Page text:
A Swedish Navy vessel searches for a Russian submarine in Stockholm's archipelago last October.
Crew members aboard a Swedish Navy fast-attack craft stand guard at the Stockholm archipelago, in Sweden, Oct. 18, 2014. Sweden's military said Friday it was searching an area of the sea around the archipelago after a report of "suspicious underwater activity." Reuters/Pontus Lundahl/TT News Agency

Two weeks after signing a war pact with neighboring Finland, Sweden has made a similar deal with another Scandinavian neighbor, Denmark. While the deal is set to be confirmed later in March, Swedish Defense Minister Peter Hultqvist stressed that the agreement will not bring neutral Sweden any closer to joining NATO in the face of increased Russian aggression that is worrying Scandinavian nations.

“Deepened Nordic bilateral and multilateral cooperation will strengthen the national defense as well as the ability to conduct operations in our immediate area and beyond,” Hultqvist told Stockholm news site The Local on Tuesday. “A deeper cooperation with Denmark is a part of closer cooperation with our Nordic neighbors, which strengthens security in our region.”

The deal between Finland and Sweden, both outside of NATO, is set to ensure shared communications during peacetime and times of war, and was arguably prompted by the March 2014 annexation of Crimea by Russia, the 11-month-old East Ukraine war, and increased Russian military flights closer to Western countries' airspace.

Despite being neutral, Sweden has been the subject of simulated bombing raids by the Russian air force on its Baltic coast in April 2013, as well as apparent infiltrations from Russian submarines entering Swedish waters near the Stockholm archipelago in October 2014.

However, each Baltic nation has witnessed incidents of Russian jets flying near its sovereign airspace over the last year, even though the jets stayed within international airspace. However, the dangers of such flights have angered both Sweden and Denmark.

In December, Scandinavian Airlines reported that one of its passenger planes nearly collided with a Russian military jet while flying out of Copenhagen.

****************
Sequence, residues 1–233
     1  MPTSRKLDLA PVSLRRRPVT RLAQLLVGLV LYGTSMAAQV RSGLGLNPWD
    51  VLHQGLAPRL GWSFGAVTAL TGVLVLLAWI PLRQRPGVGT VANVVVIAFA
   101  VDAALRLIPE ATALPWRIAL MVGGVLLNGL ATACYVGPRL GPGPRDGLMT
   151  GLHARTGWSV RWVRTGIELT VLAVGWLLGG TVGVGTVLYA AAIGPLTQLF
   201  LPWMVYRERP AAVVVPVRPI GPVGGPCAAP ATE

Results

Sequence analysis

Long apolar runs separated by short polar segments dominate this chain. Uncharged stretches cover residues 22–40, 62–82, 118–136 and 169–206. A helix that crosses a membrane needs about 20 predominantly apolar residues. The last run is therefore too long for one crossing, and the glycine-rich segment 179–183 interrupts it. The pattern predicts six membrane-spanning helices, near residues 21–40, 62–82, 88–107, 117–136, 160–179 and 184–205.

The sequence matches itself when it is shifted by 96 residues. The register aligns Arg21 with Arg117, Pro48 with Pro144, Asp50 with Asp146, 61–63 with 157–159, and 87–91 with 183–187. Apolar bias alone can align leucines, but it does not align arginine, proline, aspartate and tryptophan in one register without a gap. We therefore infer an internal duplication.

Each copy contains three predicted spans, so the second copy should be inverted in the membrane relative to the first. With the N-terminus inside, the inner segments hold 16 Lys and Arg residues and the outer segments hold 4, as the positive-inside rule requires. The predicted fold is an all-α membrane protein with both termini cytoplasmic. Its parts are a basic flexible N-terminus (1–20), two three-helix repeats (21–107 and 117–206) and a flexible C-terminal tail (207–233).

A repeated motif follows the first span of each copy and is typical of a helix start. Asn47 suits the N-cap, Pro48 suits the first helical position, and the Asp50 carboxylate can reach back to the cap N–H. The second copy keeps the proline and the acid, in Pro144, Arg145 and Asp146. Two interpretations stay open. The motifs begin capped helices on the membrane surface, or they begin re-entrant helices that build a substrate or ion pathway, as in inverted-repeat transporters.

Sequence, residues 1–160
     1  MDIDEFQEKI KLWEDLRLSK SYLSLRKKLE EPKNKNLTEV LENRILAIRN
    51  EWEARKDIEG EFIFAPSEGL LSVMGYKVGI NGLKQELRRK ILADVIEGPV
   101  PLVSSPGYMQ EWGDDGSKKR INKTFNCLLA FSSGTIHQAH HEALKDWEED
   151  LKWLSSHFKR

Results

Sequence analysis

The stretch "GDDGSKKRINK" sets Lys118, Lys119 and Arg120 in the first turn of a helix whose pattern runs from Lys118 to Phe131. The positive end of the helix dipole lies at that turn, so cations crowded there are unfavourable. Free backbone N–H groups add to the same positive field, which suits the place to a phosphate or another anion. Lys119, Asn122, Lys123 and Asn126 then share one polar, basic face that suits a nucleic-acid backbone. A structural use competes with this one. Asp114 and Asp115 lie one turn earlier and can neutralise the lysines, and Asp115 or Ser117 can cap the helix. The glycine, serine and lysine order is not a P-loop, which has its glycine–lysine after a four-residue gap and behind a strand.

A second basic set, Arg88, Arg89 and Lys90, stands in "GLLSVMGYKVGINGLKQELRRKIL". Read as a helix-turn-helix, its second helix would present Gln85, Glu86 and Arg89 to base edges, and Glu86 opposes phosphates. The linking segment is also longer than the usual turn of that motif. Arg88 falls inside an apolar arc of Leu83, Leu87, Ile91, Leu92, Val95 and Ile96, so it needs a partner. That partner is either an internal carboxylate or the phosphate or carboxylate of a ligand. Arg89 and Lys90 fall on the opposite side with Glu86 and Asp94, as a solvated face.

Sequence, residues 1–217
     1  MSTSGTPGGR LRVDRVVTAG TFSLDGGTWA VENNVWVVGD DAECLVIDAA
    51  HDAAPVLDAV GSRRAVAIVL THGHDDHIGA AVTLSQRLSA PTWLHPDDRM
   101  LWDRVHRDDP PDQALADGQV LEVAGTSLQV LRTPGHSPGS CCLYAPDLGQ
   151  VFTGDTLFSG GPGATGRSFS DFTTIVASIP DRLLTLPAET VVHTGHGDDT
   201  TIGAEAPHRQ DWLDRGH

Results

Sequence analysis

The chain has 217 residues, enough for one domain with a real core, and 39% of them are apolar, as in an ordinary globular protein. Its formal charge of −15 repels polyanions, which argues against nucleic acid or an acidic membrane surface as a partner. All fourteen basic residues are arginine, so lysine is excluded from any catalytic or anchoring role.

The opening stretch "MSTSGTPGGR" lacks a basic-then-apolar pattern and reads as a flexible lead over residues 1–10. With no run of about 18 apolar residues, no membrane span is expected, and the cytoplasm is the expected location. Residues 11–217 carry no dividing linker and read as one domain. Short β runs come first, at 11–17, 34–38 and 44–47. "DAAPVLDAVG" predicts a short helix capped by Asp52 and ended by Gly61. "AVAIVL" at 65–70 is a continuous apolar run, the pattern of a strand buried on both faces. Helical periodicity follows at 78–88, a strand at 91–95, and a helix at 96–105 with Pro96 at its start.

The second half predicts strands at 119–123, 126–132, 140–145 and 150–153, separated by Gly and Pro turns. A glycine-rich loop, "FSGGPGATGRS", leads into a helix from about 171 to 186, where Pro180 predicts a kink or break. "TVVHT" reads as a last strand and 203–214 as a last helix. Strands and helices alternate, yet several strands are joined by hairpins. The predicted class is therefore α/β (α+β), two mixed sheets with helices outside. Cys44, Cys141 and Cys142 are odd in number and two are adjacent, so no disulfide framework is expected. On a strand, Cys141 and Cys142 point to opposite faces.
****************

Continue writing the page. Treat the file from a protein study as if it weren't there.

Incidents like this have prompted closer partnerships in the region.

“Partnerships with the Nordic countries are completely natural because they are our neighboring countries and we are all part of Nordefco [Nordic Defense Cooperation],” Hultqvist told the Local. Nordefco is a defense agreement among the five Nordic states -- Denmark, Finland, Iceland, Norway and Sweden.

Denmark's Defense Minister Nicolai Wammen told Danish news agency Ritzau on Monday that the latest developments in East Ukraine had prompted the deal “and have given us a reason to have a look at areas where we could extend our cooperation.”

The focus of the relationship, according to Hultqvist, is to extend cooperation at sea and in the air. “The armed forces have been tasked with overseeing possible exchange of information, access to each other’s territorial waters and airspace,” Hultqvist said.

The defense deals with Finland and Denmark have come at a time when attitudes on joining NATO are changing in Sweden. Once a fiercely neutral country, it has in recent times drifted toward greater cooperation with NATO.

Support for NATO membership among the population has increased in recent years, but most still prefer to be neutral. A January 2015 poll showed that 33 percent of Swedes favored NATO membership, an increase of 5 percent from the previous year.

The newly elected Swedish government is a coalition of Social Democrats and the Green Party, both traditionally opposed to the idea of joining NATO.

"The strange thing is that the country still has a close relationship with NATO, but as non-members we can't affect anything,” Swedish military expert Johanne Hildebrandt told the Local in February. “It is as if we were a mistress who in spite of several proposals refuses to get married, despite the fact that it would be beneficial to us in many ways."